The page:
What a relief it would be to dwell in [faith] communities where we acknowledge our shadows in a healthy acceptance of ourselves as containers of all the opposites! It may prove beneficial to be forced to face, daily, the humiliating fact that some of us are no less violent than those whose policies we oppose.
—Walter Wink, Engaging the Powers
I AM A conscientious objector, and I am drawn to violence. My attraction to violence is both innate and learned. When something frightens me, my hands clench into fists. When something angers me, I want to inflict pain upon that thing. But a person cannot inflict pain upon a thing, so I seek out those whom I deem responsible for said thing and my desire to inflict pain upon a thing morphs into a desire to do violence to another person. Since I was a child, I have fantasized about using violence to stop what I see as bad and thereby become good.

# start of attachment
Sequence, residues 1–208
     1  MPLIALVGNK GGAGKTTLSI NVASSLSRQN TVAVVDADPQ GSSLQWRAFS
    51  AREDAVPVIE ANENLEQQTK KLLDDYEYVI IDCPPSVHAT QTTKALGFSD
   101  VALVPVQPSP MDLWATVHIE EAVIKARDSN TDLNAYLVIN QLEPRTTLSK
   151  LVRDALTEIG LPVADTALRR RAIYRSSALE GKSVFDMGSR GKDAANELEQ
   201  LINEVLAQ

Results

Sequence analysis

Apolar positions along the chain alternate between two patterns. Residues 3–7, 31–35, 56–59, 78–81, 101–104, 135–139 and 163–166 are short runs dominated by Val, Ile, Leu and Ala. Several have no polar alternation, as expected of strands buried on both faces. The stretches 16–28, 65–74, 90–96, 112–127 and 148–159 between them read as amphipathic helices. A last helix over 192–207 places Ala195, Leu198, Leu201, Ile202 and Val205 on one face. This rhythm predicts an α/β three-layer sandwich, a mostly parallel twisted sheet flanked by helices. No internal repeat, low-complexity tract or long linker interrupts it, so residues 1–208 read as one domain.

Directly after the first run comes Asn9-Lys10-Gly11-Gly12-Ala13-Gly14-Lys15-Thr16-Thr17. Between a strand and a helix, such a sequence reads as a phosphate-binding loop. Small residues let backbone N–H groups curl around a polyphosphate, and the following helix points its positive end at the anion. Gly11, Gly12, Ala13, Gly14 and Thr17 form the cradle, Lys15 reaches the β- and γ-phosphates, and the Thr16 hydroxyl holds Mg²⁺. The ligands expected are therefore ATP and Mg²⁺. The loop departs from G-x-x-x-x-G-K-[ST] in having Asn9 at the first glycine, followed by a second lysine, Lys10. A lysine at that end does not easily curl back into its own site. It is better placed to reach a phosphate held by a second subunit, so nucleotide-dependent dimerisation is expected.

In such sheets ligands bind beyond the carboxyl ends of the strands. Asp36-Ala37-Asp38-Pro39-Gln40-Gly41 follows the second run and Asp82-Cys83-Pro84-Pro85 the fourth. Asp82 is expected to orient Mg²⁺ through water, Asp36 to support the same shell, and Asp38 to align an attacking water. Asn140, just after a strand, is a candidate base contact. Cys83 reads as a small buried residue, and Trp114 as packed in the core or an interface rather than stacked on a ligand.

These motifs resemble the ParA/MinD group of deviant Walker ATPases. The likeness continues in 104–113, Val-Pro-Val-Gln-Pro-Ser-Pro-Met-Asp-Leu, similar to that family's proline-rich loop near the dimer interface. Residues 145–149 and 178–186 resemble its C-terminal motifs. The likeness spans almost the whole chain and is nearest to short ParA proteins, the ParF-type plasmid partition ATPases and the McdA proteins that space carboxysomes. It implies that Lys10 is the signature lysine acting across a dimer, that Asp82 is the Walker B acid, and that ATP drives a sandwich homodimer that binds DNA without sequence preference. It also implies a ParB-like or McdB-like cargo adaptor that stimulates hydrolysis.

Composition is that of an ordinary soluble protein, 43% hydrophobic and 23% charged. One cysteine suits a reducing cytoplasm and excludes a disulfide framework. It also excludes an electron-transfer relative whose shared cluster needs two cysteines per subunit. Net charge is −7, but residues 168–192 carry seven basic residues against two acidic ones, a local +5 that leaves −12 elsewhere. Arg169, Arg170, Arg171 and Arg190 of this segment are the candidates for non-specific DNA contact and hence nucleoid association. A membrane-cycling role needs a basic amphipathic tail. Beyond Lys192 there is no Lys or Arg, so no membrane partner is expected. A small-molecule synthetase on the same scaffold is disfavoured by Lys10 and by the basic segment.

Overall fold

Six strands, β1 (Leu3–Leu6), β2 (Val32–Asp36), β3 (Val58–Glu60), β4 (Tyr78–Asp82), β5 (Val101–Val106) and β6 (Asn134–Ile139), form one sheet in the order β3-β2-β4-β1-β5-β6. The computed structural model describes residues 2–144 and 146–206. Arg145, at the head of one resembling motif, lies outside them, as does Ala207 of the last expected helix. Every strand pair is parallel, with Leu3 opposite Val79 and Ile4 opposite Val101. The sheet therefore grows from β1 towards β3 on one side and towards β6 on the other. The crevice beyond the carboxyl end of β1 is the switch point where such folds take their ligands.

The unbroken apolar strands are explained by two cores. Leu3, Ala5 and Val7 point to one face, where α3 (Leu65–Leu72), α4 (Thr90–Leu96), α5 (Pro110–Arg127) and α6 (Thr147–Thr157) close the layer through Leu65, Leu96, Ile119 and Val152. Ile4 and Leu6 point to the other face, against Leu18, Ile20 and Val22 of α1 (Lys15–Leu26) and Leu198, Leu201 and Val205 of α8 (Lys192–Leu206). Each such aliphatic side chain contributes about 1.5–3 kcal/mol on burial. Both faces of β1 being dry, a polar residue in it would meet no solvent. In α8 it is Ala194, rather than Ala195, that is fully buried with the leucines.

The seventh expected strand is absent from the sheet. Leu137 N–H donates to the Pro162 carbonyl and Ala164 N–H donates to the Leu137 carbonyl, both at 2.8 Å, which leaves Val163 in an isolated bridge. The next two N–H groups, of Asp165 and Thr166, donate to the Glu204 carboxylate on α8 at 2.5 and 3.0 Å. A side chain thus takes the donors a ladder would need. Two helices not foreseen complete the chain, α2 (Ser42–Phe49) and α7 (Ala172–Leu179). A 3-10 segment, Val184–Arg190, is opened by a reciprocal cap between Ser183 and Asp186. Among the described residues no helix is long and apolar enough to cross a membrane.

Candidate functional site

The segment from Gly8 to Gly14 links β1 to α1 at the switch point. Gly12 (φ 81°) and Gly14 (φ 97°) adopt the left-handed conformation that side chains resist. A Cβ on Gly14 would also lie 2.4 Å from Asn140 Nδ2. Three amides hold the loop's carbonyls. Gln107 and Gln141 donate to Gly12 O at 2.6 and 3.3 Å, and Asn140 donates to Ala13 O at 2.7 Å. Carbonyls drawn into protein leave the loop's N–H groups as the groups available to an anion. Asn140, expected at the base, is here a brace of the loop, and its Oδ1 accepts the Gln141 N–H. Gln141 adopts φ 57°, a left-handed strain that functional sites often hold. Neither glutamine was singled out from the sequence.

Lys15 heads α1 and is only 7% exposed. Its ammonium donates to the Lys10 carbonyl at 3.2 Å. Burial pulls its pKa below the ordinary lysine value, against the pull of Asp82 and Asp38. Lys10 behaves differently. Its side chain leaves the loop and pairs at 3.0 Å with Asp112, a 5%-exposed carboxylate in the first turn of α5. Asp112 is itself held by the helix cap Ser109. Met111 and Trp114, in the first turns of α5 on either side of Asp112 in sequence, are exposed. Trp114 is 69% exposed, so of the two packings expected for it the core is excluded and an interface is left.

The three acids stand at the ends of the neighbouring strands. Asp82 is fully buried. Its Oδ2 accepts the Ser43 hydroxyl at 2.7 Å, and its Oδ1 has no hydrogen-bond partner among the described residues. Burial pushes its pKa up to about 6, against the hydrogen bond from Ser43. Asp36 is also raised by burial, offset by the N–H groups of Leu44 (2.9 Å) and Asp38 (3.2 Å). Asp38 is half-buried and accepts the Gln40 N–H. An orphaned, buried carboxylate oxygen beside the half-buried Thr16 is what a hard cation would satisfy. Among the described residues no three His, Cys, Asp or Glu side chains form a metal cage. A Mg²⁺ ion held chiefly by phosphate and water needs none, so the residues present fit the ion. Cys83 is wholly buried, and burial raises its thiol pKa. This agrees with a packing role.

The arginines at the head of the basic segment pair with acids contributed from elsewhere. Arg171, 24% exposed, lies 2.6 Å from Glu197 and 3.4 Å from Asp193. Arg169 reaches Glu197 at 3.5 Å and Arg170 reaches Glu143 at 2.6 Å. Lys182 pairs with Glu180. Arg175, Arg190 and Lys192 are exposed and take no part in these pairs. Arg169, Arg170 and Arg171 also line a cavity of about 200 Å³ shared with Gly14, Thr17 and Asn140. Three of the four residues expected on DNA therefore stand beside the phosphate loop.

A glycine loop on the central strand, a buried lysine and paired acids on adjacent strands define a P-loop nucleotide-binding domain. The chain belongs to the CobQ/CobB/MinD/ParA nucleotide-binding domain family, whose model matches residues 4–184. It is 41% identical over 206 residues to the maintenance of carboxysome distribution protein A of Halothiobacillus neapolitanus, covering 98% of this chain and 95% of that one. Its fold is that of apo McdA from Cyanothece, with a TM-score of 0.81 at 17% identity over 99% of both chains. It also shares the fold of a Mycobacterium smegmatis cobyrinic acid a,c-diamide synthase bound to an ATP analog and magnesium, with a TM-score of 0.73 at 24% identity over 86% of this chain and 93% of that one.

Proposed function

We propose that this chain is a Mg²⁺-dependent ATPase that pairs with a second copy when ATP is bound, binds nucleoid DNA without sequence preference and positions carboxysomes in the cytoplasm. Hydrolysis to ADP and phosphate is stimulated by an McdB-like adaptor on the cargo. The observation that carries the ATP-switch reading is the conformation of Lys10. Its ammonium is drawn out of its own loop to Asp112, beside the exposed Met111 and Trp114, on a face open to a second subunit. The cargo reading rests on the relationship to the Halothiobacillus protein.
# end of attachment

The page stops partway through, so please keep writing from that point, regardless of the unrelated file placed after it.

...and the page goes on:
It is from this point—from these fantasies of righteous violence—that I begin this essay on my journey to principled nonviolence and conscientious objection. This is a story of change and choice, but it is not a story of transformation: I am who I have always been.
In fall 2012, I spent three weeks in Israeli military prison for refusing to enlist in the Israel Defense Forces. (Every Israeli citizen, except for the ultra-Orthodox and Palestinian citizens of Israel, must serve in the military.) My sentence was brief, but the process that brought me to the prison’s gates took almost a decade.